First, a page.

Final fight for clean water – Happy about new sports facilities

There are only two days to do what must be done before I’m going back to Germany. I want to visit some of the new scholarship children at their homes. Mr. Wasantha gets permission to accompany me, because without his help of translation I would be lost. I want to buy a writing desk for one of the scholarship girls; some curtains for the new building (library and ground floor office) make sense to protect the rooms from wind, dust and rain. The table tennis table donated by our member Martin Klein (on the occasion of his birthday) has been delivered and should be put up and “tested”.
Let’s go! Those two visits won’t leave me cold. I’ve seen quite a lot of poverty and need so far, but the two cases of this morning are rather severe and intense. A fisher’s family really lives below the poverty level. There is a little solid house, but nearly no furniture. In one of the few rooms, there is one bed for four girls. The mother and youngest baby sleep on a kind of carpet and a blanket on the floor. Father is no big help to the family. (?!) There are some uncles and one aunt living close to them, all of them disease-ridden and jobless. Only that aunt (suffering from a twisted and crippled foot and leg that never has been treated by a doctor) does a little job to scratch a living for all of them. Even clear and clean water, indispensable to life, is not available. The nearest water connection is about 500 m away from their place, and to get a water pipeline and tap at their place will cost about 25.000 Rs, an illusory sum of money for these people. That means going to a nearby well, sanitarily questionable, difficult to reach for young children and physically disabled people. We get the two oldest girls (13 and 8 years old) and one of their uncles into the car and drive to the “water-authority-board” to apply for access to water. I ask the teacher to administrate the money and stay in contact with that board and supervise the activities of coming weeks. I’m sure that my lonesome decision will be accepted in our association’s board and that there might even be some donations for this item when readers of this report here feel sensitized. It’s only about clean water!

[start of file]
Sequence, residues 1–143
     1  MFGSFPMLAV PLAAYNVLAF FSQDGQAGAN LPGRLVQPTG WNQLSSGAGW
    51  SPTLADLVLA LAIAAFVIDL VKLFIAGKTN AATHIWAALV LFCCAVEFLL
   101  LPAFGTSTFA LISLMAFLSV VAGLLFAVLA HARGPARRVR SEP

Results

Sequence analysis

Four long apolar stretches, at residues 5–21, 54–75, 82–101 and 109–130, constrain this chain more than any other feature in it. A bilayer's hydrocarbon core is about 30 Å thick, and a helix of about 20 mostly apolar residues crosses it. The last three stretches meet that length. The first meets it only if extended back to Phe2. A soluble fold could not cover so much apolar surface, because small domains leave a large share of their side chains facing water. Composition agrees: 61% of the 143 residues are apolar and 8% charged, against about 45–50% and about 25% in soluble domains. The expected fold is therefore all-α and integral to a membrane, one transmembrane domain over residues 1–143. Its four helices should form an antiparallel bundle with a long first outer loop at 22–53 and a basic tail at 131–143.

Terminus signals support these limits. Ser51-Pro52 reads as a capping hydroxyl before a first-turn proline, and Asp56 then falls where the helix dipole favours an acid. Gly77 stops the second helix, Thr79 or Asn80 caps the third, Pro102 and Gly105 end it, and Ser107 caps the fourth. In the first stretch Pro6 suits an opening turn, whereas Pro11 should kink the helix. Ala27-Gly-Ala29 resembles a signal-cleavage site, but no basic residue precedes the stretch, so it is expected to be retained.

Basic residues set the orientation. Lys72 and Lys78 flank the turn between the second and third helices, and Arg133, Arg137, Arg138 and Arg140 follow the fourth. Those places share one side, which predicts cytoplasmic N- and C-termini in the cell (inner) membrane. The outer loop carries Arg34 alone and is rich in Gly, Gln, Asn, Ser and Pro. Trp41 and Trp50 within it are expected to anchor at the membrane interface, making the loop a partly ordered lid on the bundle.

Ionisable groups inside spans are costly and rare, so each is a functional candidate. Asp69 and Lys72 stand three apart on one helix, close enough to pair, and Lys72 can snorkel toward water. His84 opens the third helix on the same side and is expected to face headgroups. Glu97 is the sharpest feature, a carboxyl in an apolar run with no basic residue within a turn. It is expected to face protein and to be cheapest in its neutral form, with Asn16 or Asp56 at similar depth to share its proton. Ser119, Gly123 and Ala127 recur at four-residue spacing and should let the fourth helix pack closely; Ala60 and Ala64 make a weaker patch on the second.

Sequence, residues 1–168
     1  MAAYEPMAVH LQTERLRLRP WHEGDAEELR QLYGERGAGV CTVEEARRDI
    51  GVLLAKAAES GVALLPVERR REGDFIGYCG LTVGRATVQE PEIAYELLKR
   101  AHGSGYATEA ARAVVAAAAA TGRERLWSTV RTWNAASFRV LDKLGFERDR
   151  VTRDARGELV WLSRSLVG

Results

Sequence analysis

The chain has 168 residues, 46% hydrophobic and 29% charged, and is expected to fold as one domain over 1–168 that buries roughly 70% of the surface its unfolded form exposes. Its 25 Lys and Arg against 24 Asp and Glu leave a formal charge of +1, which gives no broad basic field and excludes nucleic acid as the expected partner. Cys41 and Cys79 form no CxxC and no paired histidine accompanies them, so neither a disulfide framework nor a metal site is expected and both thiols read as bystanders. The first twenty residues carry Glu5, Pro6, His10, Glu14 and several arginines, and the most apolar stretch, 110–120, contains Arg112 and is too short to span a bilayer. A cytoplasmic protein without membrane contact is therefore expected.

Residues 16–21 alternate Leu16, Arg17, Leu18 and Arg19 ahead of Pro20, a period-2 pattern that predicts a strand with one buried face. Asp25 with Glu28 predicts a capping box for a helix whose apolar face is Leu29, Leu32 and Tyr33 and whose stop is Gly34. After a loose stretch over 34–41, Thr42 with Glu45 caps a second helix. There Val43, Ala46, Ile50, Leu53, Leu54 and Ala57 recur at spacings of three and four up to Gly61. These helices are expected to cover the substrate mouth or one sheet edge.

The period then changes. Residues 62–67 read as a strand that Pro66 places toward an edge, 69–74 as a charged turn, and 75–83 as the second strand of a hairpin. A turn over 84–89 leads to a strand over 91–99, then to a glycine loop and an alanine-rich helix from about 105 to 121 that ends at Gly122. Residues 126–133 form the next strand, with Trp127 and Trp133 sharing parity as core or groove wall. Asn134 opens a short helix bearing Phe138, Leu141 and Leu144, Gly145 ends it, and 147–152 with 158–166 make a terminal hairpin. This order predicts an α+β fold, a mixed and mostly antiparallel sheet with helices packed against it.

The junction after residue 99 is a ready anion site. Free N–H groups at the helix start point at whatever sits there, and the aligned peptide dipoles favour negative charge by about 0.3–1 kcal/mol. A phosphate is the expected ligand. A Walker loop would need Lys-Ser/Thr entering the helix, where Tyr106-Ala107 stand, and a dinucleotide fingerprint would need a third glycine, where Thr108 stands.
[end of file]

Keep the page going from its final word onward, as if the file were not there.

The second visit that morning also tugs at my heartstrings. A little simple old house or better, shed, not lockable, a table, some old plastic chairs, some clothes piled up on them, no cupboard or wardrobe. Our scholarship girl is happy about the letter that the English teacher translates into Singhalese. She latches on the two photographs added to this letter, showing the German lady and her two adult daughters; some pens, some glittering stickers and some extra money (in addition to the first monthly scholarship amount for January 2016)…, all this seems to be a kind of sheet anchor. I watch all this for half an hour, for the people in this place it is their life! Even the teacher, a native of this country, seems to fall remarkably silent and finally utters some words of sympathy and regret. He will talk to the girl’s class teacher and ask her to give more proper care to that girl.
There is a more enjoyable atmosphere at Anura College when we come back: The new table tennis table has been put up. There are some rackets and balls, but for nearly all of teachers and students it is the first experience to practice that sport. I did it about 30 years ago for the last time, but I still can do it, I didn’t forget. And “among the blind, the one-eyed is king!” First they have to learn that the ball is allowed to touch one side only once, which seems to be difficult enough. But they learn fast and quickly get hooked on this new activity. I’m sure the sports teacher will find out about the basic rules, and they will definitely surprise me on my next visit.
Finally there is the discussion with the constructor who promises to finish the new little pre-school end of February/beginning of March (see my report of January 28th).

Some teachers debate whether a good name might be

attractive. Last week I told them about the new patron of our association, the princess of Neuwied. The word “princess” caused real enthusiasm and was regarded as a suitable part of the new pre-school’s name: PSPS = Princess Sophie Pre-School”. We are all happy that the princess has given already consent, and we wish the new pre-school a successful start with the help of that princely designation.